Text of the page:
Scapegoating: All Violence against Women, Including Rape, IS Punished—It’s Just Not the Guilty Who Necessarily Bear the Blame

Posted on December 25, 2014


Many of the posts published here in 2014 concern how we talk about violence against women.

Criticism of anti-violence rhetoric and policies is sternly denounced or dismissed, including by mainstream, populist writers. Toeing the line of political correctness, they call such criticism “denialist.” To criticize anti-rape zealotry, for instance, is said to mean a critic is a “rape denier.”

This is what the late William F. Buckley called rebuttal by epithet.

Name-calling isn’t an argument. But it’s easier than thinking—and when it identifies you with the in-crowd, it’s congenial, besides. Using epithets like “rape denier” is PC; it makes you one of the team.

The fact is the people who are said to “deny” rape are often the people who bear the blame for all of the rapists and domestic tyrants who never receive the punishment they’re due, and never will.

I had a brief but enlightening conversation years ago with a detective in my local county attorney’s office. I called to report perjury (lying to the court) by a restraining order petitioner. He sympathized but said his office was too preoccupied with prosecuting more pressing felonies, like murder, to investigate allegations of perjury.

His evasion wasn’t the enlightening part.

The enlightening part was this: He opined that the reason why judges so eagerly gibbet restraining order defendants is that they’re straw targets. They’re available scapegoats.

Realize that judges have been told for decades that physical and sexual violence against women is “epidemic,” and the alert status has never been downgraded from red. Judges, furthermore, are hardly insensitive to the expectation placed upon the justice system to arrest violence against women—or to statistics that say a majority of rapes are never reported, let alone punished.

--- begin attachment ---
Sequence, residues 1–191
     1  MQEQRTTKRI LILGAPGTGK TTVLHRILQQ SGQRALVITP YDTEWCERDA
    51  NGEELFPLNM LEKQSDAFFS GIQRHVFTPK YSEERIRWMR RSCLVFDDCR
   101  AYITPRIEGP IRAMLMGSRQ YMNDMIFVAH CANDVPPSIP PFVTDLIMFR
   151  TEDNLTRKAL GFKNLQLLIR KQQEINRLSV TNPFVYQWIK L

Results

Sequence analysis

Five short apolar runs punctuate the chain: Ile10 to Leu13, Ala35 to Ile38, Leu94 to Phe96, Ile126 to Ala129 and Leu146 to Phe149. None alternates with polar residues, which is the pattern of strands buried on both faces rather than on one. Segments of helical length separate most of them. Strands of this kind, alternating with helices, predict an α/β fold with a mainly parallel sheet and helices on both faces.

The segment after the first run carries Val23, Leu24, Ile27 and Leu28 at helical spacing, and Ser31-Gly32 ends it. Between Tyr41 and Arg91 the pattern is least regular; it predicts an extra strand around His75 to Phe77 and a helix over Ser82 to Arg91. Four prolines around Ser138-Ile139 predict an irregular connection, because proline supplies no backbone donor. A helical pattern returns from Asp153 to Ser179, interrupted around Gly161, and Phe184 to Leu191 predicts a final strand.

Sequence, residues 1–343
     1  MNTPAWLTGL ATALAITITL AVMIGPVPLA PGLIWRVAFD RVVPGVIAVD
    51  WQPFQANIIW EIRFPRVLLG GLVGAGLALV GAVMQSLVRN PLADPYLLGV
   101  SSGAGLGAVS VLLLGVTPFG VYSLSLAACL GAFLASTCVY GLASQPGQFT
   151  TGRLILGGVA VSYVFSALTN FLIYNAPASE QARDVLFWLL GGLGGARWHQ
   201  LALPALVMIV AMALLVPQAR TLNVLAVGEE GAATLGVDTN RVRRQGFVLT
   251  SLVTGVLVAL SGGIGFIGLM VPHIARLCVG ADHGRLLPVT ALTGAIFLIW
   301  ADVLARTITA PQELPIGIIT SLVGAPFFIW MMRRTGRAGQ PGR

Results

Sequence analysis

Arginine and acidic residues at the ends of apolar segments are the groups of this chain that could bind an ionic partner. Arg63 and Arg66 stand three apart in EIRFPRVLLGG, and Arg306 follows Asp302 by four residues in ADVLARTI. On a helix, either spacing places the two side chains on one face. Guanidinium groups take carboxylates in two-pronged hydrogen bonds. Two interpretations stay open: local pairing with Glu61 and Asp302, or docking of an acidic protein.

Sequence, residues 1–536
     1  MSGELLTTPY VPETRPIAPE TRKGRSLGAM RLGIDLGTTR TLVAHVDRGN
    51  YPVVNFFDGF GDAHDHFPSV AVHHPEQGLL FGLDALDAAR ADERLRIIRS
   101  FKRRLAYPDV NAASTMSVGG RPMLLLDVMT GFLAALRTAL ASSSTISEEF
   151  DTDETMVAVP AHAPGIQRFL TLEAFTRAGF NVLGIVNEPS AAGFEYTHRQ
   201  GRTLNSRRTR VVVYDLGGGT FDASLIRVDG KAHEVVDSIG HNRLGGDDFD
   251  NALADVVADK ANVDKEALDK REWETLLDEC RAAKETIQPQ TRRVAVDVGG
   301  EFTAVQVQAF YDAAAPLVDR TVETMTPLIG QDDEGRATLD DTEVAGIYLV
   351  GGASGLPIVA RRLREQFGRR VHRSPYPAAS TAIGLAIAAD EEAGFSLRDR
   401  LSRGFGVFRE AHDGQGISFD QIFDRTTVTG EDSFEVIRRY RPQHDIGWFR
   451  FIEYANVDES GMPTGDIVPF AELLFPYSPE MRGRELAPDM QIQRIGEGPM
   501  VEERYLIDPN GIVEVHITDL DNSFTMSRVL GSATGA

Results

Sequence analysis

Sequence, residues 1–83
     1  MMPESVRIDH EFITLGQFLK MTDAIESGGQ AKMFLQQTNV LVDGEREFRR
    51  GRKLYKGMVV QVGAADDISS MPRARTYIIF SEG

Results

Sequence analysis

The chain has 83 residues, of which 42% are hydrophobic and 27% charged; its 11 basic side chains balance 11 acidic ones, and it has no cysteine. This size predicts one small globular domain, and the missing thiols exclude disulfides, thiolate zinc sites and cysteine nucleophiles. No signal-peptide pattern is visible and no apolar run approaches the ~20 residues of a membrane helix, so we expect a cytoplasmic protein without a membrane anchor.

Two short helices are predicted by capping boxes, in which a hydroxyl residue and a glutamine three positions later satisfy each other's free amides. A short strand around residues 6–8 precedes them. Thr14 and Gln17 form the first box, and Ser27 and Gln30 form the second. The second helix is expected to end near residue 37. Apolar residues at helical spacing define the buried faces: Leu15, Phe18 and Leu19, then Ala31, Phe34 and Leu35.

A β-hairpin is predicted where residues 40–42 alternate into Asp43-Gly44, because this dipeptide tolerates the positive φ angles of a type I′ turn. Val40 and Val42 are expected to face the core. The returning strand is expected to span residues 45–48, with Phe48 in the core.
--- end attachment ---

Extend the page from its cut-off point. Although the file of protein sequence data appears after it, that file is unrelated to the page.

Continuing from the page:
Judges can’t act independently of allegations; they can only exercise wrath upon those who are implicated as abusers…and they do. Physical and sexual violence that’s said to go unpunished is punished—by proxy.

Proving rape in a criminal proceeding is exceedingly hard. There are seldom witnesses, and evidence can be highly uncertain, besides being ephemeral. Because rape is a serious crime punishable by a lengthy prison sentence, the evidentiary bar is high, so rulings can predictably disappoint. Rapists, even when they are reported, may escape justice.

Those accused in civil court, though, are fish in a barrel. Judges are authorized to decide restraining order cases according to personal whim. There’s no “proof beyond a reasonable doubt” criterion to satisfy, and they know they have the green light to rule however they want.

How they’re predisposed to rule shouldn’t be a mystery.

Restraining order defendants aren’t exclusively male, but most of them are of the demonized sex. Courts, what’s more, proceed by precedent, and judges act habitually. So female restraining order defendants face judicial vigilantism by association. Restraining order recipients are trussed targets, and they bear the brunt of society’s lust for vengeance, because they can be made to.

Criticism here and elsewhere of how we talk about rape and domestic violence doesn’t deny that they occur. It urges, rather, that the influence of rhetoric be recognized and that its fervor be tempered. Violent rhetoric, no less than physical violence, destroys lives.

The person who believes otherwise is the one in denial.

Copyright © 2014